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Insights
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Last-Mile Trends and Challenges: How to Dive Deep and Not Hit The Bottom

The modern last-mile delivery industry isn’t a blue ocean in all senses. It’s rather a deep lake with dark murky waters: the deeper you dive, the more difficult to see what you should next.

There are so many trends and challenges, that you don’t know what direction to take to keep your logistics company developing, grabbing new opportunities, and simply staying up-to-date. Diving deep in all these emerging trends and burning opportunities without knowing how you’ll benefit from them may result in hitting the industry’s bottom. Many companies, unfortunately, fail to float back to the surface after taking a wrong direction.  

Of course, staying and watching how your competitors do jump in these waters is disturbing, so you still need to act. That’s why the Omnic team has prepared a detailed guide on the main last-mile delivery trends and challenges in 2023. With more than 11 years of experience in developing automation solutions for last mile, the Omnic team knows how to separate the wheat from the chaff in the logistics industry, so you can be sure that we’ll provide you only with those last-mile trends and challenges that really matter. Let’s dive in without a further ado!  

3 key supply chain trends


Last-mile delivery future trends that disrupt the industry

We’ve prepared a comprehensive guide on the most important and promising trends, so be prepared for quite long yet informative read. The key last-mile delivery trends are:

Automation

Automation in last-mile logistics is by far the biggest and hottest trend for a reason: According to the Precedence Research, the logistics industry automation market is expected to reach $152.5 billion by 2030. Automating even the most basic processes in logistics means hours of time, thousands of dollars, and millions of trees saved. However, logistics technologies behind automation of this or that process are very different from each other. Let’s take a closer look at the most prominent solutions for automation.

Logistics automation market size

Artificial intelligence

The buzz around artificial intelligence is at the deafening volume now, so it would be strange of us to ignore this trend. Smart algorithms can work as a component of various logistics software for route planning, inventory management, warehousing, and so on. Well-trained AI models are capable of more accurate and long-term decision making, which means that companies can plan their logistics strategy with greater reliability and little human involvement.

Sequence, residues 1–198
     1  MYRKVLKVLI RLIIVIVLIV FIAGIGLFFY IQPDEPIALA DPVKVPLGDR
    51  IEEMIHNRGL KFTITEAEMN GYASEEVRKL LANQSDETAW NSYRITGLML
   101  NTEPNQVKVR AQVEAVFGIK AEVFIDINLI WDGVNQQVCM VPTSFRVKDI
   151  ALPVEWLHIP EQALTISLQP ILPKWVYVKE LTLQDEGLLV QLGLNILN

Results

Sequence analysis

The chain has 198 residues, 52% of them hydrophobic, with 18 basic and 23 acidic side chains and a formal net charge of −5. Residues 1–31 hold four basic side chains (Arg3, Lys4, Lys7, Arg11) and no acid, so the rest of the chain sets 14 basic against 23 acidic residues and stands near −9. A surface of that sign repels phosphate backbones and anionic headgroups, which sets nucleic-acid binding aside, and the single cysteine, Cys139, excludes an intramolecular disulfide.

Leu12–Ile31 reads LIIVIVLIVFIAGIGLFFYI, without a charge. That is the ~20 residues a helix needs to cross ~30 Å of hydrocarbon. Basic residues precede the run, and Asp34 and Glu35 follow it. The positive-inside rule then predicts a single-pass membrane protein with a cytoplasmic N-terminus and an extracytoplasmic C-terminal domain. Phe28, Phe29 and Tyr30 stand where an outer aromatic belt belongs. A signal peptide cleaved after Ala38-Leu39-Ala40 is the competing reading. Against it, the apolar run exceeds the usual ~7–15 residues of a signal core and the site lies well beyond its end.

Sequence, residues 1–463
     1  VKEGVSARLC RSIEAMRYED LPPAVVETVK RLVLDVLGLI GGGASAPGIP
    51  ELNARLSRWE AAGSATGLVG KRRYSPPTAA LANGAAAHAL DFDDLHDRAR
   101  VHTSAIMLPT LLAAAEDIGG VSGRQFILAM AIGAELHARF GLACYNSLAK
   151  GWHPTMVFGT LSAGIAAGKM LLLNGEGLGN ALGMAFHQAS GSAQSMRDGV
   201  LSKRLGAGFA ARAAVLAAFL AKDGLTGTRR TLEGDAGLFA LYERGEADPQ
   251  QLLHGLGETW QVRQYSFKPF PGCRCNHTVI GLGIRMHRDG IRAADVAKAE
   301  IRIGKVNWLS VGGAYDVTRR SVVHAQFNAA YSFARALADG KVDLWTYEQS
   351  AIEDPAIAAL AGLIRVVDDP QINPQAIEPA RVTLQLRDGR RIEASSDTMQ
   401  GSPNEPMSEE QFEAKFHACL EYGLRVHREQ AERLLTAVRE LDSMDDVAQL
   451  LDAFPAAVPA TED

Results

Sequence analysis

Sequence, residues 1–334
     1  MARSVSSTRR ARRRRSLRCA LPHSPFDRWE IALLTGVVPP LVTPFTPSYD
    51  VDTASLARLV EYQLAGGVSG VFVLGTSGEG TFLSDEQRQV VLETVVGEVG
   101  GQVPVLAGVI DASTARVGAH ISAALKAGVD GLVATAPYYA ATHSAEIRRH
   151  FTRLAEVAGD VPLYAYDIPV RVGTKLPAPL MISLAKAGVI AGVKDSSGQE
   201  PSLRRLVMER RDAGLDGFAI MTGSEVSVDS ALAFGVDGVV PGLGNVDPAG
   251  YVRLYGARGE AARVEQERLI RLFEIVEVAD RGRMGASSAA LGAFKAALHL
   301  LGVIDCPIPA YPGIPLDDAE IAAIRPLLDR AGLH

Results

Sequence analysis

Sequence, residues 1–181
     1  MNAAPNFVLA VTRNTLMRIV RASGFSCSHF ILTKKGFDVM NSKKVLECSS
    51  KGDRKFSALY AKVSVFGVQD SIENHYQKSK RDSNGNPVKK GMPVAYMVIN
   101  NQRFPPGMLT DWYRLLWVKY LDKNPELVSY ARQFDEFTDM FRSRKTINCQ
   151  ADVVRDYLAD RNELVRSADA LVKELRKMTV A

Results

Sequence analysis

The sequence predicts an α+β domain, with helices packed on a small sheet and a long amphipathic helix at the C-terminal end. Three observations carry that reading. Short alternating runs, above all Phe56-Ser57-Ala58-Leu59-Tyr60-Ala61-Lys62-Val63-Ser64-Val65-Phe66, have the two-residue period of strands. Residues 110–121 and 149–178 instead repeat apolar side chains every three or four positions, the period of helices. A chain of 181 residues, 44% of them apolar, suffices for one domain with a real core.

Apart from that, artificial intelligence is actually an essential component of self-driving vehicles that is another top trend for last-mile logistics today. Self-driving vehicles for parcels delivery will significantly cut your expenses on hiring human drivers.

Additionally, self-driving trucks usually are capable of optimal route planning and much safer driving which is also an important factor for the quality of logistics services. For that reason, a startup TuSimple that produces self-driving technologies for logistics trucks got invested by UPS. The United Parcel Service was looking for a self-driving solutions for its fleet, which is why the US delivery giant fired cannons of money at TuSimple. The startup grew fast enough to went public and start trading at NASDAQ. If the industry leader grants such an immense investment in self-driving vehicles, it means that the technology is not some bright future but our present reality.

All in all, artificial intelligence is a tech solution that many logistics companies nod towards. It may be expensive and somewhat difficult to implement, but long-term prospects  are fantastic beyond all doubts.

3D printing

The technology of 3D printing itself is not something new, but its application to last-mile delivery is indeed a trend today. With increasing operational costs and consumer demand, delivery of various products has become a challenge for logistics companies and retailers/e-commerce shops they work with.

That’s where connected 3D printers come into play. Imagine a consumer ordered a chessboard at Amazon. Instead of flying, sailing, and driving the product long way to the customer, the design of the chessboard is sent to an IoT 3D printer at the nearest fulfilment center where it gets printed out. In such a way, you can save time, money, and environment while customers don’t have to wait long. Beyond a doubt, smart 3D printers are not a silver bullet that will not bring logistics transformation. But having such logistics innovation at your fulfilment centers, warehouses, and dark stores of your corporate partners can unload your supply chain and attract new partners as this distribution channel is undoubtedly unique.